Monday, 22 May 2017

TALK OF THE TOWN: Bon voyage, Kelly! + KOTE’s 10th anniv. cancelled + Giving journalists more

Will JPS ever be the same without Kelly Tomblin? It’s been announced that after five years, the hardworking President and CEO is making way for a successor, as her contract expires this summer. According to our hardly-ever-wrong sources, Miss Tomblin will be taking up the post of Chief Executive Officer of the US-based power company INTREN, effective July 10. Tomblin, a workhorse and creative thinker, brought so much to our light-and-power company, helping to transform it into a people-friendly and super-modern entity with special emphasis on social responsibility and being a good corporate citizen that goes beyond the call of duty. Since joining JPS in April 2012, she has repeatedly opened the windows to let in some fresh air. The results speak for themselves. Not only did she spark the genesis of the Women in Energy conference, she helped to kick-start numerous initiatives to make life a bit easier for customers. No word yet on Kelly will officially depart our shores, but INTREN is beyond lucky to have her. And with Winsome, Sharee and the other ‘Women of JPS’ still on board, her legacy is in safe hands. 
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If like us you were anticipating the series of artsy activities to mark the 10th anniversary of Kingston on the Edge (KOTE), you should know that the urban arts festival will not be staged this year. It’s incredibly sad news. The organizers have publicly stated that lack of adequate funding is the reason for the unfortunate cancellation, but they want the arts community to rest assured that every effort is being made to guarantee KOTE’s return in 2018. It just goes to show that it cannot be emphasized enough that initiatives designed to promote and preserve and showcase the work of Jamaican artists need to be taken more seriously. For the arts to thrive, consistent financial support is paramount.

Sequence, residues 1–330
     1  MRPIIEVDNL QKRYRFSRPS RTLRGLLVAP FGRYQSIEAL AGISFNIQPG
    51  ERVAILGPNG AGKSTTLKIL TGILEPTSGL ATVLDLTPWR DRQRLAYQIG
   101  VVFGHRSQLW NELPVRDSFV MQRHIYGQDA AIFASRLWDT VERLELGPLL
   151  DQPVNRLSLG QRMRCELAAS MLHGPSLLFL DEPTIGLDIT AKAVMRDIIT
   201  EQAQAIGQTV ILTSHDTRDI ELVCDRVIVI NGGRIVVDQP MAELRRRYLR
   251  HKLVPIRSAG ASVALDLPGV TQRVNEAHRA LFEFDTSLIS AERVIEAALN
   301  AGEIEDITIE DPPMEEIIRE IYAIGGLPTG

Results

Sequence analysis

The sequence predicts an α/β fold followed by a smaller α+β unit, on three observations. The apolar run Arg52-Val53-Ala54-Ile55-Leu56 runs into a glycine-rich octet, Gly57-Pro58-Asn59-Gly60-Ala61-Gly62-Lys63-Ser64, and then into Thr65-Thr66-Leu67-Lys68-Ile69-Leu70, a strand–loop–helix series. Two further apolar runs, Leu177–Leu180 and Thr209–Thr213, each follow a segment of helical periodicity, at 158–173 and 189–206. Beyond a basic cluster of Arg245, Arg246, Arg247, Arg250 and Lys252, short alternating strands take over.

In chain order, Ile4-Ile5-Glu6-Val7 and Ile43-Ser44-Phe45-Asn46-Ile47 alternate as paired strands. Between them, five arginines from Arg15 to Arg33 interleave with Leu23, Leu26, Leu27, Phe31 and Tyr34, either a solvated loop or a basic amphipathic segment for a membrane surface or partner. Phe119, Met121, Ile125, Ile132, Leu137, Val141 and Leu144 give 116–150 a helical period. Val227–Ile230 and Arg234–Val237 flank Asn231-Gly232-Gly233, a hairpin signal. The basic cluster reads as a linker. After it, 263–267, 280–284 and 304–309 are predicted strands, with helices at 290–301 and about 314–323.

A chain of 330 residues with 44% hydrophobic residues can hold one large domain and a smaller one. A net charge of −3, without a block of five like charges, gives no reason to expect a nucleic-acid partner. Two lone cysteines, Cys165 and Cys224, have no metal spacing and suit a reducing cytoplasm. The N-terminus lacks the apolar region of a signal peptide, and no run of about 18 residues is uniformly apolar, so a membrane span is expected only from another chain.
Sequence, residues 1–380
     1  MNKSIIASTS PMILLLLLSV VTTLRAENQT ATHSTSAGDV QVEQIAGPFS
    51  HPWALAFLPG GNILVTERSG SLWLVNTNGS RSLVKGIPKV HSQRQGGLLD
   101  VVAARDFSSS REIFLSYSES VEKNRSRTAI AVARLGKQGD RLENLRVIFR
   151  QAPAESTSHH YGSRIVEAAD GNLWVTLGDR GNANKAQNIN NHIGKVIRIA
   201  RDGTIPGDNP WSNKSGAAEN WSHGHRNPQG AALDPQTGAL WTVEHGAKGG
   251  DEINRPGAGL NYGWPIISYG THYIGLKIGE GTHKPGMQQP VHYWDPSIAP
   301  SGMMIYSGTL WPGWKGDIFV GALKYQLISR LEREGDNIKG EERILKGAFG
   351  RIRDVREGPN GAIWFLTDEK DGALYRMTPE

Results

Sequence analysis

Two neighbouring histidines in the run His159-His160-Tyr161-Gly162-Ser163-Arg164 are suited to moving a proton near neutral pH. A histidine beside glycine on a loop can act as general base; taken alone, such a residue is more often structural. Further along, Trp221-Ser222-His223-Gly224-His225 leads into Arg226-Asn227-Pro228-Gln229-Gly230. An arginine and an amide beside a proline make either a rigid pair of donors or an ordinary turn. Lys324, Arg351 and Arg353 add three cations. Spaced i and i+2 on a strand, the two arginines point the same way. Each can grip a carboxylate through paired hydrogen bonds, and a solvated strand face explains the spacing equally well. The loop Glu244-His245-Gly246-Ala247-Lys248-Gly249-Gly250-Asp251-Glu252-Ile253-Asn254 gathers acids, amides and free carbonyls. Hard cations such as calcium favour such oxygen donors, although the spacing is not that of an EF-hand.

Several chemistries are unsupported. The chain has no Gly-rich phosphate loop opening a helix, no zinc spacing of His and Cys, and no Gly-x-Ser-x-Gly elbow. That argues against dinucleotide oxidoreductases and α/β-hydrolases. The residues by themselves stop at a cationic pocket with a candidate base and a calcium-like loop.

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It’s heartening to see that the Press Association of Jamaica, led by the fearless Dionne Jackson-Miller (far right), is fighting for local journalists to get their due. As TALLAWAH readers have been informed, the cash prizes for the upcoming National Journalism Awards (taking place in November) have been generously upgraded. The Journalist of the Year, in particular, will take home a quarter of a million dollars. That sounds like progress.
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TALLAWAH joins the entertainment fraternity in expressing condolences to the family of reggae veteran Frankie Paul, who died at the University Hospital last week after ailing for some time. R.I.P Frankie. #TrueOriginal






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